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Red Spade Audio

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    Paul

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  1. Sorry SS, only just saw this, over a year later! I've used glue and screw with construction adhesive in the past. Quad in internal corners isn't a bad idea. If I were doing this now, I'd probably cut a rabbet joint which would then remove the waxy surface at the join. I wouldn't sand it because that's a slow and tedious job. A straight cut bit on the router is also an option.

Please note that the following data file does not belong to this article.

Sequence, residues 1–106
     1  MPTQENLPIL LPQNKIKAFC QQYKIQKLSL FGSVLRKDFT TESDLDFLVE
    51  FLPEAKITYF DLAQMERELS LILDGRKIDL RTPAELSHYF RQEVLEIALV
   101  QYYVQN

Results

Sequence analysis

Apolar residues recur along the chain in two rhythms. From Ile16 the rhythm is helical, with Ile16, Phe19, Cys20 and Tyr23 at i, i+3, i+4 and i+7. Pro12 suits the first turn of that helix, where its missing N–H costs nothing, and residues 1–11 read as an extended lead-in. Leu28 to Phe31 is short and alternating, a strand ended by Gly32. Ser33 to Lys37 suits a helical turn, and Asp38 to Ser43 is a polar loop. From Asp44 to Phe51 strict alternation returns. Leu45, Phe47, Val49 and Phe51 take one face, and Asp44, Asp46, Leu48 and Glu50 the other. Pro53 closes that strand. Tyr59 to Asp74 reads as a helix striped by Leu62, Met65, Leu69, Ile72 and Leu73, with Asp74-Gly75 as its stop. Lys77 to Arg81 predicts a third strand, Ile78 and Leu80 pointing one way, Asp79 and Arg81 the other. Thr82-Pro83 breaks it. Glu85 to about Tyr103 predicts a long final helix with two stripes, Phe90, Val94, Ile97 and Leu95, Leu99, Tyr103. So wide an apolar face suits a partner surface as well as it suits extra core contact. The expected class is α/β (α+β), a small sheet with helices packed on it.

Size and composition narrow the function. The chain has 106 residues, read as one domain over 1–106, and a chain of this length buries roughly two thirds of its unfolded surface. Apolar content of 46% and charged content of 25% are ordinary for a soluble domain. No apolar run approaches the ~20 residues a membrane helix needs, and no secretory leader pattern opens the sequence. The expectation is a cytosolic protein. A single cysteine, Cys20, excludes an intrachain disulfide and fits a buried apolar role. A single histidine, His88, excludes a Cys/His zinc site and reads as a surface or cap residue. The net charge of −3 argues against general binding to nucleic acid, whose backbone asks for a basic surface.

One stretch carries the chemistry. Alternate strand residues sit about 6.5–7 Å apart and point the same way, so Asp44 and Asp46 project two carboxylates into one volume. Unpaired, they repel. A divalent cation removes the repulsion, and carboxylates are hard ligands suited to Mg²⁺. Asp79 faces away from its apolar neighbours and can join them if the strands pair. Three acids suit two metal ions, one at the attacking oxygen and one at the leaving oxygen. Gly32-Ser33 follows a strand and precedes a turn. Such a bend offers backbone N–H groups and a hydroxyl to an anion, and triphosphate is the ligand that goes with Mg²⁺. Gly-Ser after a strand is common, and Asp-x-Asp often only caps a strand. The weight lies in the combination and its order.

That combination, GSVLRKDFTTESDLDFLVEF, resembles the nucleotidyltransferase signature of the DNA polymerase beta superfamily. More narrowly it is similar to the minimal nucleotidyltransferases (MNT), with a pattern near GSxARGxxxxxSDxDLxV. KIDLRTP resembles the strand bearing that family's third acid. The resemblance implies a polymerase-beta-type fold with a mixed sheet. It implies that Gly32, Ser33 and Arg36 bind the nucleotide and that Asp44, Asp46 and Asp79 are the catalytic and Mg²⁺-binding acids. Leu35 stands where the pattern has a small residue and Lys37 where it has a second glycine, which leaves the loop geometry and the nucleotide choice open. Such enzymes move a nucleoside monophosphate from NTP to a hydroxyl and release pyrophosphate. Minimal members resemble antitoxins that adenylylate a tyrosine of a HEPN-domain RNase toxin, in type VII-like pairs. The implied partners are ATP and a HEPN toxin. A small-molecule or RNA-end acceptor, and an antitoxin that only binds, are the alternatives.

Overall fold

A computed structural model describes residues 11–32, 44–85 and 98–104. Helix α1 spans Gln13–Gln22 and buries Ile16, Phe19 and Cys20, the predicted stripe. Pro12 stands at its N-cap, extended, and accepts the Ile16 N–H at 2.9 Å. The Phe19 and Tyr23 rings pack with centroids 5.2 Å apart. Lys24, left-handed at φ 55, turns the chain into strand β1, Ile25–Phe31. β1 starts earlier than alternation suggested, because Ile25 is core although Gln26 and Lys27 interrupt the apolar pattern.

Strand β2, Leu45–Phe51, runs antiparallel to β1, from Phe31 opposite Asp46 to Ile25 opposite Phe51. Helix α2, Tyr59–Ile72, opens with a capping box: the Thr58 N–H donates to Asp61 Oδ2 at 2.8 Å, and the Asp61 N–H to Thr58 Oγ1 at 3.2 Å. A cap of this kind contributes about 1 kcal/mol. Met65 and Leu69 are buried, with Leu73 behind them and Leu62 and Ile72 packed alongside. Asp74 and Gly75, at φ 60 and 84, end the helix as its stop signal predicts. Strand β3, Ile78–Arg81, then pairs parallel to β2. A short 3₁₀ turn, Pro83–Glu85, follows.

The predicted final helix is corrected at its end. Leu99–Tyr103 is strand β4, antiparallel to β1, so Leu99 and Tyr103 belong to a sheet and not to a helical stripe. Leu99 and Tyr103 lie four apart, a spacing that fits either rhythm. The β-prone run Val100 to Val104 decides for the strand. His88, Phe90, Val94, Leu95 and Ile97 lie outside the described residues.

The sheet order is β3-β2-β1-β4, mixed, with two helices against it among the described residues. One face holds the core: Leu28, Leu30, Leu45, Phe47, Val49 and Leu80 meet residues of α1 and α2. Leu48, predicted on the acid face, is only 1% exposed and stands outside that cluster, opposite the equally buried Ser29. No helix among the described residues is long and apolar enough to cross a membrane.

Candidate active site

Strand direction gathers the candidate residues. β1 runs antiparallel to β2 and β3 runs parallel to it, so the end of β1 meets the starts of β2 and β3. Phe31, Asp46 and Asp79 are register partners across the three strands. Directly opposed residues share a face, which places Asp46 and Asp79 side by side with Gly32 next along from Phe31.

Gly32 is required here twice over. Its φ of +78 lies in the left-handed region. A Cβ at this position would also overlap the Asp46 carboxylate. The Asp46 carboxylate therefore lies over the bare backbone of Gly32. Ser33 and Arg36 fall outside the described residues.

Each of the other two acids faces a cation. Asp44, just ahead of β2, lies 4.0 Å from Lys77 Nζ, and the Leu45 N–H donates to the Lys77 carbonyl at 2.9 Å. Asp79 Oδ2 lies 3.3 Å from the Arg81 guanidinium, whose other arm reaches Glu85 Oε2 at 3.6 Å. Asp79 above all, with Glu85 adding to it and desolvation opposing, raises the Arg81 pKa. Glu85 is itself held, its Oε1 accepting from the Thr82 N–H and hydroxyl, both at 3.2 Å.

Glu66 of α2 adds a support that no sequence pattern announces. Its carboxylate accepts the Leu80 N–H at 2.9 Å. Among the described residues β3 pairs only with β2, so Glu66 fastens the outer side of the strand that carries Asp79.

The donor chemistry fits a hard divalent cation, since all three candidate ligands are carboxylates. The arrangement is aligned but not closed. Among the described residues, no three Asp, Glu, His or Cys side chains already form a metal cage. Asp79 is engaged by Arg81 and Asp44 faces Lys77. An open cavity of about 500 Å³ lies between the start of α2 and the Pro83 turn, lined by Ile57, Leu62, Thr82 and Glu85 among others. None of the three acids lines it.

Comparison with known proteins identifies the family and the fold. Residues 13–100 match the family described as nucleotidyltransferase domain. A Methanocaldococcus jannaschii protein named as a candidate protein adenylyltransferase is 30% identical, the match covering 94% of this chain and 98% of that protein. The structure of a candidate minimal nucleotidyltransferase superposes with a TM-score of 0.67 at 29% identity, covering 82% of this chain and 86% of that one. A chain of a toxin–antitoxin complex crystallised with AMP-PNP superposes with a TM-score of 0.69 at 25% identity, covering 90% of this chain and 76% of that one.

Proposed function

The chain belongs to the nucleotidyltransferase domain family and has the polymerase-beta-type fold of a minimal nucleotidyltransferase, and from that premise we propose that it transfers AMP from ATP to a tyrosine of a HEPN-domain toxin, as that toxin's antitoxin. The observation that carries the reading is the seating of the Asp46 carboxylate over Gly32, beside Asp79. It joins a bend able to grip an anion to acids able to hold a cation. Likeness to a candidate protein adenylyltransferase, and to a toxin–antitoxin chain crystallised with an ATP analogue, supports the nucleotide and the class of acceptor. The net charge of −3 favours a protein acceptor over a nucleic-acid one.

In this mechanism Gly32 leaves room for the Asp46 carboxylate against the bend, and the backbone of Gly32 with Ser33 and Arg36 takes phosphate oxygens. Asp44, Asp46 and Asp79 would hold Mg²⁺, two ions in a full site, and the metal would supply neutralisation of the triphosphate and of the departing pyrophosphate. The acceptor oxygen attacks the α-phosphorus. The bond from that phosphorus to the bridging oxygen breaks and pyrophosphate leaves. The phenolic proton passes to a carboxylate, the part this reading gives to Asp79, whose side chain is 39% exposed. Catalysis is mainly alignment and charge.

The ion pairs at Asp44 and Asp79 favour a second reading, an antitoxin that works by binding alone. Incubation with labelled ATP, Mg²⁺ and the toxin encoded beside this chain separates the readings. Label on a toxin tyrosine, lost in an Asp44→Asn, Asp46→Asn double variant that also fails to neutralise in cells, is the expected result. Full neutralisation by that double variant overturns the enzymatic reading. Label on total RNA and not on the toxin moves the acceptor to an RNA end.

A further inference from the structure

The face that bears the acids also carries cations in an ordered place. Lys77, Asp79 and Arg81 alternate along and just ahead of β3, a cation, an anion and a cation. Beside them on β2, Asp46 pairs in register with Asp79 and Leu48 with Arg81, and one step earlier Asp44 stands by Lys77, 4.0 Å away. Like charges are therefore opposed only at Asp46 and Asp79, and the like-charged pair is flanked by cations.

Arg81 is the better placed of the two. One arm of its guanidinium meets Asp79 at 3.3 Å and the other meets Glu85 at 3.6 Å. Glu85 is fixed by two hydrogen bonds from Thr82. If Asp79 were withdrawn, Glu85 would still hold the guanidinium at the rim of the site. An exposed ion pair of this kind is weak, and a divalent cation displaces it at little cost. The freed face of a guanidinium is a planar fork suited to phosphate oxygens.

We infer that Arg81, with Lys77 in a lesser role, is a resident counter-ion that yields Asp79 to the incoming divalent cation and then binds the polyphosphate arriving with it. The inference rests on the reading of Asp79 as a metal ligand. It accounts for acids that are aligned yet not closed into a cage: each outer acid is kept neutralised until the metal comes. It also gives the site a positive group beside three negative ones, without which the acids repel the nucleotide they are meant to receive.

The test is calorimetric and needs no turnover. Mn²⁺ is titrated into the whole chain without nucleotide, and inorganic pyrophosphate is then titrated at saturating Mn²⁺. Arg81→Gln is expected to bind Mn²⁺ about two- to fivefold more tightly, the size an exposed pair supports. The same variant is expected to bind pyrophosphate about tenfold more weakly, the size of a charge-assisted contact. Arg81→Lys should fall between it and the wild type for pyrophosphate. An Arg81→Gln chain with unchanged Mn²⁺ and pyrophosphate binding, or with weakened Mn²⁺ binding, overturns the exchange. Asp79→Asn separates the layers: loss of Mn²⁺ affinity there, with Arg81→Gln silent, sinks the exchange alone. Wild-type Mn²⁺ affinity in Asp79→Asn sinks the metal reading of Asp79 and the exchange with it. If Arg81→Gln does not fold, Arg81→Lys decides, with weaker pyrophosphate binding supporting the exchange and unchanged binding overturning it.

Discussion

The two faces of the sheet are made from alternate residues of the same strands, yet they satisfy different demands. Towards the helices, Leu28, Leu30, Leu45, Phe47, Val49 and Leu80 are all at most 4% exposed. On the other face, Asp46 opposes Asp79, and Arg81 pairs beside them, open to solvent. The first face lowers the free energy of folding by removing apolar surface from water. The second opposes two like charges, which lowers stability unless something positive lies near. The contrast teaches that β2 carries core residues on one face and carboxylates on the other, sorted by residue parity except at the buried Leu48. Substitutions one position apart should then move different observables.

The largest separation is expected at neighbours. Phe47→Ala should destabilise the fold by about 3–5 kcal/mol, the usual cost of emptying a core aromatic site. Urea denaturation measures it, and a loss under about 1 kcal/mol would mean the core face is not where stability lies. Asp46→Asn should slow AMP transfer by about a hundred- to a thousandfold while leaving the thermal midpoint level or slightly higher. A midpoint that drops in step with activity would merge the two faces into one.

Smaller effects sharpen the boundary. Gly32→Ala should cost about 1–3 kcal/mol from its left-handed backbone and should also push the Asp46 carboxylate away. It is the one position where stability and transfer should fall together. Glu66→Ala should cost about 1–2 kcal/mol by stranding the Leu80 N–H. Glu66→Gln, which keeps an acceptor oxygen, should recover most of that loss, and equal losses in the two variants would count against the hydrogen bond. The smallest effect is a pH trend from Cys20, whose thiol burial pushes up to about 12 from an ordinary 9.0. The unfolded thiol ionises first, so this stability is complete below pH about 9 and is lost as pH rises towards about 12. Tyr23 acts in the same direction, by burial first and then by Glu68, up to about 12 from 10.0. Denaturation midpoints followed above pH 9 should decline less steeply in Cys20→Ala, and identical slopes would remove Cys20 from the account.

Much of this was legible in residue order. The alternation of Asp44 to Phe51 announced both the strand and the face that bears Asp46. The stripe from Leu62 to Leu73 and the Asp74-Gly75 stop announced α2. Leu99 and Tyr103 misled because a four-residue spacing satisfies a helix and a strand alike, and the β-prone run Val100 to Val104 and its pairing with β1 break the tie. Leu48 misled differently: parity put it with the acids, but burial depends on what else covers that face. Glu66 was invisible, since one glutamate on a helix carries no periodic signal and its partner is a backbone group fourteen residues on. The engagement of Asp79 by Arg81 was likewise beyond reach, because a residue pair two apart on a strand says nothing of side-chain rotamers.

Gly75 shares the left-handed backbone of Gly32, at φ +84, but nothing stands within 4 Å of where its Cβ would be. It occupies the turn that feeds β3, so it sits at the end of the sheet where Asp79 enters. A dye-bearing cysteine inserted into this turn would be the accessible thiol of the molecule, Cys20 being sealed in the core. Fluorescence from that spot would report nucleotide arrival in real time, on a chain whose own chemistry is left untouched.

2. Ideally it's best to determine which positions with measurements and that informs the form factor you need. There's many ways to approach this, but here's one idea that makes sense for dual HT subs in a small room. Let's say you're placing them in the front corners. Let's suppose your goals are: reasonable enclosure size (<150L) modest footprint (max 400x400) extension to 20 Hz or lower max SPL below 30 Hz (in a HT this really determines the max real world useful output) These goals point towards a 12" ported design. Consider any of the Dayton 12" Reference series. 15" drivers require a larger footprint and a bigger overall footprint. Ultimax need larger enclosures. They tend to suit US style DIY subs - huge ported boxes tuned low in big rooms. So as a starting point, you'd be looking at an enclosure that might be 400 x 400 x 1200, standing up in the corners. Ports then become fairly simple. A pair of 100mm PVC straight ports - about 1m each with no bends. This recipe would work well with Dayton Reference 12" (HF). There's always that risk! Car audio drivers often work quite well for horns but they aren't typically my first choice for a HT sub. Lack of published TS parameters is one issue and often they are less than ideal for a HT sub anyway. Keep in mind that if you use pro drivers with high sensitivity, they require very large enclosures to achieve good bass extension. Quite often twice the volume or more, so you start to move into the same volume you might use with a horn. It's not the first recipe that I'd consider for a small room. When it comes to sub drivers and DIY sub projects, you really are spoilt for choice. Whatever you choose, keep in mind that it's actually other factors that make or break the final result - position, room acoustics and integration.